I walked softly through the wooded area. It was dark. Only the light from a three-quarter moon shone through the darkness. I tried to be quiet as I made my getaway, but the parched, fall leaves crunched under my feet. Paranoid that I was being followed, I hid behind trees along my path and glanced behind me. No one was there.
I had to find a house, a road, or anyplace where someone could help me. A cool breeze tickled my skin and goosebumps rose all over my body. The temperature was dropping and the scent of rain hung in on the night air. I was cold, hungry, scared, and if I didn’t find someone soon, wet.
Just as sprinkles dampened my skin, I saw a blurry glare through the trees ahead. I headed toward the light, and found a small house with a bright porch light. I ran up to the door and knocked. No one answered. Warm tears slid down my cheeks. I tasted their saltiness on my lips. Frantically, I beat on the door. Screaming, “Help! Please, I need help.”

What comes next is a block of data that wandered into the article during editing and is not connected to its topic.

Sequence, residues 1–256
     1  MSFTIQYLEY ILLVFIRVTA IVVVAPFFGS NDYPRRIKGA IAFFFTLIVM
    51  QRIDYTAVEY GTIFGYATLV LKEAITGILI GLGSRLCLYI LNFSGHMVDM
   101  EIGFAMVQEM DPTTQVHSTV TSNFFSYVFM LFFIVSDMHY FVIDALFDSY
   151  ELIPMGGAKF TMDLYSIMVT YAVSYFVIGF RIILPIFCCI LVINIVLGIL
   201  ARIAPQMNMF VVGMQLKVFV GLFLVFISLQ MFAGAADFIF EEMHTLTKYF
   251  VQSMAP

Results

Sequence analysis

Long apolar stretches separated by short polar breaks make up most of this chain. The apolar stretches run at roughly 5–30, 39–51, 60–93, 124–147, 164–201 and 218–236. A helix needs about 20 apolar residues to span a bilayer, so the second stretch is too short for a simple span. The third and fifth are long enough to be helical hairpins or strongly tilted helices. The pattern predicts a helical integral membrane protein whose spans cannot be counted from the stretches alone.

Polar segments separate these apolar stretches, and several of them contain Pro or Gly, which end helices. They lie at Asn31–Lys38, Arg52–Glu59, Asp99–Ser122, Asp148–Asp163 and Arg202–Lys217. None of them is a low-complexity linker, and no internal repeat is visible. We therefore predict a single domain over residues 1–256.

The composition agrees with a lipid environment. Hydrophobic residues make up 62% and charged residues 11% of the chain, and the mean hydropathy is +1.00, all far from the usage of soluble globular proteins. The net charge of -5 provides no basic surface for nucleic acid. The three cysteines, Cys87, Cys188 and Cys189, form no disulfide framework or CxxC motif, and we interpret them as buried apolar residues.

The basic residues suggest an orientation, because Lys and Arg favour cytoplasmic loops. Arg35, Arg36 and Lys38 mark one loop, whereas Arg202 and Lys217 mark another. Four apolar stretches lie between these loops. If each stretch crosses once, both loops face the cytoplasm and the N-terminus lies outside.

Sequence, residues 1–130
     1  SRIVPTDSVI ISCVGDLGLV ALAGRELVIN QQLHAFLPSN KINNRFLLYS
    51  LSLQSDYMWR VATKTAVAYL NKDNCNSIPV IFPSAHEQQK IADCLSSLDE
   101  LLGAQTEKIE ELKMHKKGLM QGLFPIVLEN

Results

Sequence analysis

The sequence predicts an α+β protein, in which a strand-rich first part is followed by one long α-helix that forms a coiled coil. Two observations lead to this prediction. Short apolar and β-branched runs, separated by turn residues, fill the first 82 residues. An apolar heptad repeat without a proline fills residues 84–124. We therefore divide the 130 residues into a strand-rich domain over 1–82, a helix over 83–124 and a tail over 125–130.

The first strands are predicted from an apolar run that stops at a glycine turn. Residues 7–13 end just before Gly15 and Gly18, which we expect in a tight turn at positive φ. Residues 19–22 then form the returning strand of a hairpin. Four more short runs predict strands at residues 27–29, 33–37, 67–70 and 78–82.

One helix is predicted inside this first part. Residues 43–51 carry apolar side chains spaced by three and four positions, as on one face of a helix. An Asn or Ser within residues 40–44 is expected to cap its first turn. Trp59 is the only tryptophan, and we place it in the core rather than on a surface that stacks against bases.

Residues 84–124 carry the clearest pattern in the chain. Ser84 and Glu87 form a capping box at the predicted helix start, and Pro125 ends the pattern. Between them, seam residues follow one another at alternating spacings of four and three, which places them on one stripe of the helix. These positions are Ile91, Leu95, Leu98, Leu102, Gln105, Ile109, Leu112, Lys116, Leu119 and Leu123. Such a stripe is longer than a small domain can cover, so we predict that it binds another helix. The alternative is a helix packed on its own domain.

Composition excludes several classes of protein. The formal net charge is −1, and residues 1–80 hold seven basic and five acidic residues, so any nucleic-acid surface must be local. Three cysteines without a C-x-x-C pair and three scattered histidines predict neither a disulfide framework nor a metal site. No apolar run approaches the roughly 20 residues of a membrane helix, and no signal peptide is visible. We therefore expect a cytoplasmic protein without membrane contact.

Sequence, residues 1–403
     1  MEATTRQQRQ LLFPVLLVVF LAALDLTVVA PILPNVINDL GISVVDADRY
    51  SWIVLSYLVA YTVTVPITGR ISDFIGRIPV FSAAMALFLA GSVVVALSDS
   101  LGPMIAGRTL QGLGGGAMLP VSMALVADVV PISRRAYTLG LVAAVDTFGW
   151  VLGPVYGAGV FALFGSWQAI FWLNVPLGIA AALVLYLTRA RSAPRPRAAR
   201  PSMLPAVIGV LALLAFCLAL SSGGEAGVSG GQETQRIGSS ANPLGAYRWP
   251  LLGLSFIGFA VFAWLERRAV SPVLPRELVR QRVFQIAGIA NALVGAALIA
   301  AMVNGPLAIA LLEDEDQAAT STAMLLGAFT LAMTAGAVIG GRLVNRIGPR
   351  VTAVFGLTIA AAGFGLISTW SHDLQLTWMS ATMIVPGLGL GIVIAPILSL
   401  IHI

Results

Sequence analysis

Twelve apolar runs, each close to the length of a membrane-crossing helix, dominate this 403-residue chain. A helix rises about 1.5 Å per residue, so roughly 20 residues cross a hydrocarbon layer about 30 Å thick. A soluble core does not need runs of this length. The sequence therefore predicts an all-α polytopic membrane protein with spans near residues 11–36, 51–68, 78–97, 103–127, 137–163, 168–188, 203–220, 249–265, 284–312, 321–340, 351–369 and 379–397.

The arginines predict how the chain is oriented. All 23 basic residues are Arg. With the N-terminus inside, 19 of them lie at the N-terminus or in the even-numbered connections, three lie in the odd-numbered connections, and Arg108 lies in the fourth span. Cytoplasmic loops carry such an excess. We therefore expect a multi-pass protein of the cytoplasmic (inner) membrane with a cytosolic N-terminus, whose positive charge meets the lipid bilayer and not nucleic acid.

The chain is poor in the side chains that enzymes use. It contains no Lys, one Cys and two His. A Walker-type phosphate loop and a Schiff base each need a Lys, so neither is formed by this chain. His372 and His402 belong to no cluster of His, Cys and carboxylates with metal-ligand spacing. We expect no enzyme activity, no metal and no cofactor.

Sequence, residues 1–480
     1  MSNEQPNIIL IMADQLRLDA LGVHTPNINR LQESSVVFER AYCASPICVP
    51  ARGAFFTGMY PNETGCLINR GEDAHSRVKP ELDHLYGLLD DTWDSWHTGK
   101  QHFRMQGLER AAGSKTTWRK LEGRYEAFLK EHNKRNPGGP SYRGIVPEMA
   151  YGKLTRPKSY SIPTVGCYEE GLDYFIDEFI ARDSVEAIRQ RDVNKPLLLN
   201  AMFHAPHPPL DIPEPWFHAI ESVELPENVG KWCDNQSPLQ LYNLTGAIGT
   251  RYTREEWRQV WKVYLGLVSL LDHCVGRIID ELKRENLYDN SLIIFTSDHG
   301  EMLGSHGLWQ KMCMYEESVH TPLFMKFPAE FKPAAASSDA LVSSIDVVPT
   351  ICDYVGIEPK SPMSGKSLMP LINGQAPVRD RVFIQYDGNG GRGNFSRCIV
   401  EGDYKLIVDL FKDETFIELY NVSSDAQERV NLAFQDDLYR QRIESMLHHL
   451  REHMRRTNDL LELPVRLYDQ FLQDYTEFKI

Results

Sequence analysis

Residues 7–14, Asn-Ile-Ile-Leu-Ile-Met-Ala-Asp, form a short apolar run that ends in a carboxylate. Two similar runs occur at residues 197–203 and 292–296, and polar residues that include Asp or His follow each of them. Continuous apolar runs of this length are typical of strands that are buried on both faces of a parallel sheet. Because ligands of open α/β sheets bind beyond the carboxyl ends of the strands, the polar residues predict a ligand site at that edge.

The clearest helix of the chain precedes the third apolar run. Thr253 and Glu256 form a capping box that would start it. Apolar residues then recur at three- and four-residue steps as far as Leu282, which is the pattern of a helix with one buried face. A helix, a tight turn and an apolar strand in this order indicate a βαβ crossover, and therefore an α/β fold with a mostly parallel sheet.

A round little woman came to the door; she opened it only as far as the chain allowed. I took a step back so she could see that I was just a young girl. I heard voices inside.
“Martin, it’s a little girl. She’s only wearing her skivvies. “
Tommy dove into the ocean with the hope of catching the infamous, striped tiger-fish with whiskers three feet long. He swam deep into the salty waters, dodging the gigantic octopus, and avoiding its deadly stream of ink. He swam past the coral reefs, schools of fish, and the electric eel in search of his prize.
Finally, he heard the cry of the tiger-fish and spotted his prey gliding through the water unaware of Tommy’s presence. He had to approach quickly or spoil his chance of capture. As he slowly swam closer with his net ready, he smelled the stench of rotting fish, a sign that danger nearby. He turned just in time to see a great white shark barreled toward him. The killer fish’s mouth was open and his teeth stained with blood from his last meal.